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Effect of specific experimental variables on recovery rate of the heart of varsity ice hockey players Chambers, David Lee

Abstract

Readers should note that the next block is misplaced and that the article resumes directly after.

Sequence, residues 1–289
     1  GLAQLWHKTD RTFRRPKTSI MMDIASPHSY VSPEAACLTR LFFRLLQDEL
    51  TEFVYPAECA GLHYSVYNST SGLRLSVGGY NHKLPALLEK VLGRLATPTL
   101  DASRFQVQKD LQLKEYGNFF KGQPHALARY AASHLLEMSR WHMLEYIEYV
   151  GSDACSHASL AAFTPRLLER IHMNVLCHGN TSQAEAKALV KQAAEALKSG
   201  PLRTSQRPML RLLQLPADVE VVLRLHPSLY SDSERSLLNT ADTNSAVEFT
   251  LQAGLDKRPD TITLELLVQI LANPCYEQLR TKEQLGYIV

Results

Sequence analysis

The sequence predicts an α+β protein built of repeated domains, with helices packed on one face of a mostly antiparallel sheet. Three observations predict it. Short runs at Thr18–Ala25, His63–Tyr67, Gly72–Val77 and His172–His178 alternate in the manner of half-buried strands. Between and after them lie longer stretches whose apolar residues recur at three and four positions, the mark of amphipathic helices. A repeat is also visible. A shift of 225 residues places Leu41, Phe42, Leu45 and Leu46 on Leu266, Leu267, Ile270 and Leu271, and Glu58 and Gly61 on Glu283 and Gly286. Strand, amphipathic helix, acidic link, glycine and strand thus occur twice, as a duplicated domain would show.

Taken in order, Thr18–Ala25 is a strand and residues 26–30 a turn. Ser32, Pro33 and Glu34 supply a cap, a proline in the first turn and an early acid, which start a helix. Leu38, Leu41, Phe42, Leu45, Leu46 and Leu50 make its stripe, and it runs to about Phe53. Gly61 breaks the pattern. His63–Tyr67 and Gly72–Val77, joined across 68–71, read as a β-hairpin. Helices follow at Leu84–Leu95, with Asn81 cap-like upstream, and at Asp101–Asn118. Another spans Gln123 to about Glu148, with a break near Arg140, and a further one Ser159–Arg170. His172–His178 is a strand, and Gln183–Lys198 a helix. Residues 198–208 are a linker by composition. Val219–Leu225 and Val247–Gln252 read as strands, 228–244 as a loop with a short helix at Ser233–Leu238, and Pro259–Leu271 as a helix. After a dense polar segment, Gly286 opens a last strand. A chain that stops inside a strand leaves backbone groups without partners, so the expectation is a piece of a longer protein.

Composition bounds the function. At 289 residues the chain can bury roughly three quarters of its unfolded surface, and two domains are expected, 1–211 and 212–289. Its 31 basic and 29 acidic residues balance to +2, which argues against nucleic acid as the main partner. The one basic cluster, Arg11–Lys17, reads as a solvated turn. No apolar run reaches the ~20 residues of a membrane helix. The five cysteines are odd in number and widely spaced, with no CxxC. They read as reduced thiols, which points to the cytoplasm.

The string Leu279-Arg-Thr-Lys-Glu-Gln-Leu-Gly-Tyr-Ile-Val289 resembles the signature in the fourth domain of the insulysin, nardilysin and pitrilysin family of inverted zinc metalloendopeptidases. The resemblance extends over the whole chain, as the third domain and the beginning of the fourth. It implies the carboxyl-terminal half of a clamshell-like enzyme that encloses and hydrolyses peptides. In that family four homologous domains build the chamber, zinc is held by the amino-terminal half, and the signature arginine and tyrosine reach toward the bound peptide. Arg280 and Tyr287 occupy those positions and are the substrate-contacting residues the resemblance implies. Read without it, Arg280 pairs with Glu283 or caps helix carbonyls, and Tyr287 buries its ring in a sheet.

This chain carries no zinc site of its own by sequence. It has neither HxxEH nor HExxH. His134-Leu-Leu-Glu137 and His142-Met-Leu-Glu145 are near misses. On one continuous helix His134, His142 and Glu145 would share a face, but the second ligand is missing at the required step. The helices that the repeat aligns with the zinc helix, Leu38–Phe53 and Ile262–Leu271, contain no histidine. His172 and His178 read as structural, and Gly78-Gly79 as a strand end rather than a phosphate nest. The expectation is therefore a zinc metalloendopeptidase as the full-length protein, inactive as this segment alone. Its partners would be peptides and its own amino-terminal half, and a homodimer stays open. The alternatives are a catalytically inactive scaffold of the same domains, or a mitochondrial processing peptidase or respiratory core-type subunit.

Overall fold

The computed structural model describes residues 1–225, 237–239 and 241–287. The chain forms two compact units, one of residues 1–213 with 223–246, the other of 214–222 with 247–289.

The purposes of the study were: (i) to determine if the recovery rate of ice hockey players is affected by elevation of the legs, massage, and controlled breathing; (ii) to determine the length of recovery time needed for a one-half, one, and one and one-half minute skating period; and (iii) to compare the subjective recovery time with the calculated recovery half-time. One junior varsity and three varsity ice hockey players at the University of British Columbia began the study six weeks after the hockey training season began. Two subjects acted as controls and two subjects acted as experimentals. The testing of both the experimentals and controls was done in three parts. The first part consisted of one-half minute skates, the second part one minute skates, and the third part one and one-half minute skates. Each subject took four separate days to complete each part. On each day he repeated the prescribed skate three times, with rest periods of four and one-half minutes between skates, and a five minute rest period before the first skate. The control group recovered in the normal sitting position for each of the three parts of the experiment, while the experimental group varied the method of recovery using the normal sitting position, massage, elevation of the legs and controlled breathing in each of the three parts of the experiment. The control group was used to determine recovery times in the normal sitting position and to determine if there was any progressive improvement in the recovery time due to conditioning. The subjects also made a subjective estimate of when they felt they had recovered. The study found that there was no pattern of improving recovery times with the two control subjects. The mean recovery half-times ranged from: fifty-three seconds to one minute and forty-two seconds for the one-half minute skate; one minute and nine seconds to one minute and forty-eight seconds for the one minute skate; and one minute and eighteen seconds to two minutes and twelve seconds for the one and one-half minute skate. In every skating session with the two experimental subjects, elevation of the legs produced the lowest mean recovery half-times of the four different recovery methods. Subjects L.B. and K.M. both showed a significant difference between the mean recovery half-times of the normal sitting and elevation of the legs at the five per cent level of confidence for the one-half minute skates and subject K.M. showed a significant difference at the five per cent level of confidence in the one and one-half minute skate. The controlled breathing method of recovery produced mean recovery half-times that were lower than normal sitting mean recovery half-times in every skating period. However, the mean recovery half-times for controlled breathing were not as low as the mean recovery half-times for elevation of the legs. The massage method of recovery produced greater mean recovery half-times compared to the normal sitting recovery method in each skating time period with only one exception. In all skating sessions with one exception, the third trial recovery half-time was greater than the first trial recovery half-time. Generally, the subjective recovery times were closer to the calculated recovery half-times with the one-half and one minute skates than with the one and one-half minute skates.

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